Not a single NHS Trust in England out of 111 met A&E waiting time targets during the year from April 2021 to March 2022.
It’s the first time on record that more than 5% of people waited more than four hours to be seen in every part of the country.
Sheffield Children’s NHS Foundation Trust came closest – 94.3% of people were seen within four hours – followed by Yeovil District Hospital in the South West and Homerton Healthcare, based in Hackney in east London.
Nearby Barking, Havering & Redbridge, also in east London, performed worst. Nearly two thirds of people – 100,000 out of 157,000 – waited more than four hours to be seen after attending A&E there.
More than half of people at A&Es within Norfolk & Norwich and Royal Cornwall Hospitals had waits longer than four hours.
Find out more about how your local NHS Trust is performing: NHS tracker postcode search
Because of the different ways that NHS data is produced across the four nations that make up the UK, it can often be difficult to compare performance across the less detailed figures that are released each month.
The new figures show that people in Northern Ireland use A&E services more than those in any other UK nation, and waiting times in Scotland are shorter than those elsewhere.
When is the best time to go to A&E?
In general, people are waiting longer than ever to be seen in A&E. In fact the number of waits longer than four hours last year was higher than the total recorded in the four years from April 2012 to 2016, and the number of waits over 12 hours was higher than the total recorded from April 2014 to 2018.
That’s despite the total number of A&E attendances in 2021-22 being at their lowest level since 2017-18, other than the pandemic affected 2020-21.
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However, there are times you can arrive and still be hopeful of a short wait. If you wake up feeling ill you might be better off rushing to A&E first thing rather than waiting around until lunchtime to see if you start feeling better.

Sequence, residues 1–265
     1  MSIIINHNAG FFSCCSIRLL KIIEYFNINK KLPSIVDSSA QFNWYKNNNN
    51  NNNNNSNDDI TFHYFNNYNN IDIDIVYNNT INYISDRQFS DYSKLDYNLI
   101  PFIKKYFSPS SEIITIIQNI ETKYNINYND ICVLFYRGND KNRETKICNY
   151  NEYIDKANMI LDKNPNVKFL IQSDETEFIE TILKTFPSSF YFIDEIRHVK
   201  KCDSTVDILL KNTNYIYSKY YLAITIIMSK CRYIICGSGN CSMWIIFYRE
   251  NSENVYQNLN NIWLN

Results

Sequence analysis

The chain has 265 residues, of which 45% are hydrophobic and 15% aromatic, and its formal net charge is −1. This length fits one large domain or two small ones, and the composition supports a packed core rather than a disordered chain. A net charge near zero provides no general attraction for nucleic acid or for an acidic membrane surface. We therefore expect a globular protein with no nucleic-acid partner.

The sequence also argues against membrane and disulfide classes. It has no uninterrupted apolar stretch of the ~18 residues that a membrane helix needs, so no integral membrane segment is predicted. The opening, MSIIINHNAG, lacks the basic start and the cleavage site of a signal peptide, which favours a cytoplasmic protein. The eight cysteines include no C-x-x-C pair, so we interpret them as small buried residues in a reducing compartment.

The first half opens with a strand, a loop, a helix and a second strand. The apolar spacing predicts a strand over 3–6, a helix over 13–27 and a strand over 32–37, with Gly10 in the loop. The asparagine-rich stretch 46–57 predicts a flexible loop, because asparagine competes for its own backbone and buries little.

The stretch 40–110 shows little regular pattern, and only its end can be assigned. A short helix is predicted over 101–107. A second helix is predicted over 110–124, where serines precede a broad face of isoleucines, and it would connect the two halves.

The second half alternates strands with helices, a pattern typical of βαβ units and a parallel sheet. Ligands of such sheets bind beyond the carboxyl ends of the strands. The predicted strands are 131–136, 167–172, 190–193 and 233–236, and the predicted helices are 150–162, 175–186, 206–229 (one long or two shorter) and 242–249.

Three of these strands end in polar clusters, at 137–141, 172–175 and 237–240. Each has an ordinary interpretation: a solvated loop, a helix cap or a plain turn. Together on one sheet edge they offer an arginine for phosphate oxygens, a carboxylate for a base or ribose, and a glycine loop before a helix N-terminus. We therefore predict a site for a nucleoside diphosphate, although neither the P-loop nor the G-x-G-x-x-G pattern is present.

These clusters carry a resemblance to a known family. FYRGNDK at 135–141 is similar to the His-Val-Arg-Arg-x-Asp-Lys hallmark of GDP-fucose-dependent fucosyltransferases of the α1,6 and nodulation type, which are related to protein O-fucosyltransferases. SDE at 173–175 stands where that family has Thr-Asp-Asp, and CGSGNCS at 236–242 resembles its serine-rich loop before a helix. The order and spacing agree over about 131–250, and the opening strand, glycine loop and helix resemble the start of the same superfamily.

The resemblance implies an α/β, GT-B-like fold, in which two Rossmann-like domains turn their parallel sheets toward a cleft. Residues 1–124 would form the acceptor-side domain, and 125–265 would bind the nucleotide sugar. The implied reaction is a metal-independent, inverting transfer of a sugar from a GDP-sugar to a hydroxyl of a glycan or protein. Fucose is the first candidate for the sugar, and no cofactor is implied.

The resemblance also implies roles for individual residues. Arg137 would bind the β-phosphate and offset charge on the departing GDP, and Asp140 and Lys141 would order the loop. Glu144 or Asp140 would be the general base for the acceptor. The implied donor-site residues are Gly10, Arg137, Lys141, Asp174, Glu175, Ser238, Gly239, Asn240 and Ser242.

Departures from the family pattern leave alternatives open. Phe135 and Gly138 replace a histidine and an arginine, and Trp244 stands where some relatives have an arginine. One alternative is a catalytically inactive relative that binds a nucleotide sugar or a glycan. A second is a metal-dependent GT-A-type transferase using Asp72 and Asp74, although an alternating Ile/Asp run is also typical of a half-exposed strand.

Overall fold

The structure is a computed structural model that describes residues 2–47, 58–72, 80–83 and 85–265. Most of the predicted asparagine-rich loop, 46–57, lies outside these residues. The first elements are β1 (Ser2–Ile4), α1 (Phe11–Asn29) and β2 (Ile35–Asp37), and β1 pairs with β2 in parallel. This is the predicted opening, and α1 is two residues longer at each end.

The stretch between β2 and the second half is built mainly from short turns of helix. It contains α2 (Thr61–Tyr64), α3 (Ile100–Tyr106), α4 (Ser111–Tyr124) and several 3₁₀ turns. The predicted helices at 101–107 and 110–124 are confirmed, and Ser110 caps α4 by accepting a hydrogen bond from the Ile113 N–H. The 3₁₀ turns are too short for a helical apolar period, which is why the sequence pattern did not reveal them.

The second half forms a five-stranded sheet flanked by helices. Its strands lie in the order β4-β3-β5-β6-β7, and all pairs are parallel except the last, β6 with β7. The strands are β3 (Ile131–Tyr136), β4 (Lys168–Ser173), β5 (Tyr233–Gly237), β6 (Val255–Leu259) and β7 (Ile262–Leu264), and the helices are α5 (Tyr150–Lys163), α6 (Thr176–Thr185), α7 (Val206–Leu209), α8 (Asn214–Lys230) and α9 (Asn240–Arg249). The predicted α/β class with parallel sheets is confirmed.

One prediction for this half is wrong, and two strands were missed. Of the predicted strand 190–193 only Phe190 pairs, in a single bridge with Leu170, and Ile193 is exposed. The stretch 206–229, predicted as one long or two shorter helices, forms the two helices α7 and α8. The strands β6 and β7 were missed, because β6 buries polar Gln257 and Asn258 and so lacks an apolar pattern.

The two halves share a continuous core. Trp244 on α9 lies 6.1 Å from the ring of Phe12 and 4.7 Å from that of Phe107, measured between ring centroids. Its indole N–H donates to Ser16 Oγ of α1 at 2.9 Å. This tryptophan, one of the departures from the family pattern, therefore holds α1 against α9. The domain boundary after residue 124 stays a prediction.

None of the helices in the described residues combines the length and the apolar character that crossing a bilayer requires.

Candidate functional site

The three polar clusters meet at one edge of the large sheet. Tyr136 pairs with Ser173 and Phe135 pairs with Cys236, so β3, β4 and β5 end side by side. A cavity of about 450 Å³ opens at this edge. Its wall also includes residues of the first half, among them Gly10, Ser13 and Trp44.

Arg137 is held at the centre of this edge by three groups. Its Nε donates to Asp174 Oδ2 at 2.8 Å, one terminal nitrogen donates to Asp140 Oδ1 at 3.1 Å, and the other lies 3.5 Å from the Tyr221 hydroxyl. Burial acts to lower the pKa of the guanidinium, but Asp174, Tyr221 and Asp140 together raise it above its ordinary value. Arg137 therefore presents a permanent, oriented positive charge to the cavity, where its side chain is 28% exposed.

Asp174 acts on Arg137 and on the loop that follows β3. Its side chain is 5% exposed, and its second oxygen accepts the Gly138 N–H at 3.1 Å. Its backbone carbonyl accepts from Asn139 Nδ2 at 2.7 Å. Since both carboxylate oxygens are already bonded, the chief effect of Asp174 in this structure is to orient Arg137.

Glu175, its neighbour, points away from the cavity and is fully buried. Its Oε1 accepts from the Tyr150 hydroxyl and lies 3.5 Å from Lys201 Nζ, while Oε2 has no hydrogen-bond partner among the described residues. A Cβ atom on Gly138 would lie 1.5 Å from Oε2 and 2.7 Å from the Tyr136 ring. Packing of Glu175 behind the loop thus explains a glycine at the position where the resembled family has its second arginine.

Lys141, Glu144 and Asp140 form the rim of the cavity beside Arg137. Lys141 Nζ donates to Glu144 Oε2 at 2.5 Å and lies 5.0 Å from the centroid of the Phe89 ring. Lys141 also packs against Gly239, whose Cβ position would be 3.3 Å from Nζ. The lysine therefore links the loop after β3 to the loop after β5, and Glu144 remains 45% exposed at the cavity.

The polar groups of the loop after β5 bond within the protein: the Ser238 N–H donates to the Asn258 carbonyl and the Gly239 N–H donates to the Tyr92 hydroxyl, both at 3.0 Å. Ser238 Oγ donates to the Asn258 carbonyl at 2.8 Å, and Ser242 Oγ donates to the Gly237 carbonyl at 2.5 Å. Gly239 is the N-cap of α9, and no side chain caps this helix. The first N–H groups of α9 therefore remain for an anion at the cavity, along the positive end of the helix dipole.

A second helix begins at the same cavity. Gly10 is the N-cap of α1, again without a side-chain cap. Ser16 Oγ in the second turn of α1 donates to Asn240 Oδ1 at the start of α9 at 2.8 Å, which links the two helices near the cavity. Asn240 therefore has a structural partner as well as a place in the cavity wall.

A third of people who arrive between 8 and 10am are seen within two hours, while three quarters are seen within four.
That gets steadily worse through the day – more than half of people turning up between midnight and 5am had to wait more than four hours.
Part of the reason for this may be because people who attend A&E late at night are more likely to be in a serious condition which requires complex assistance and takes longer to treat.
An NHS spokesperson said: “These statistics are yet another reminder of the pressures NHS staff have faced and continue to, with record levels of attendances at major A&E departments last year, alongside significant levels of COVID in hospitals and the highest ever number of the most serious ambulance callouts this summer.
“With the NHS likely to face another busy winter, we have announced plans to boost capacity across services including the recruitment of more call handlers, whilst also encouraging those eligible to get their COVID and flu vaccinations as soon as possible.
“It remains vitally important that people continue to come forward for care when they need it by using 111 online or by calling 999 in life-threatening cases.”
Who relies on A&E the most?
People who live in the most deprived areas use accident and emergency centres almost twice as often as those in the richest parts of the country.
There were just over three million A&E visits in the year from April 2021 to March 2022 among the 5.6 million people in the most deprived 10% of the country, compared with 1.5 million from the best-off 10%.
People from black or Asian backgrounds were more likely to go to A&E than people of white or mixed heritage. This trend has been similar for several years.
Sunder Katwala, director of integration, immigration, identity and race thinktank British Future, said the numbers could be affected by the age profile of the different groups, particularly for people of mixed heritage who are more likely to be younger.
What are people using A&E for?
The data also reveals which are the most common complaints that people come to A&E for, as well as the numbers behind some of the more unusual ones.
Nearly 800 people went to A&E complaining of hiccoughs in the year to the end of March 2022, while more than 150 had frostbite.
Ears (38,000 people) topped the “Part of the body something was most likely to be trapped in” league table for the year, followed by mouth (24,000), nose (14,500), vagina (5,265) and last but not least rectum (1,562).
The most common complaints were limb injuries and abdominal or chest pains.
Shortness of breath was the first of the complaints not related to injury or pain. Unfortunately it is not possible with the currently available data to compare these figures against those from pre-COVID years.
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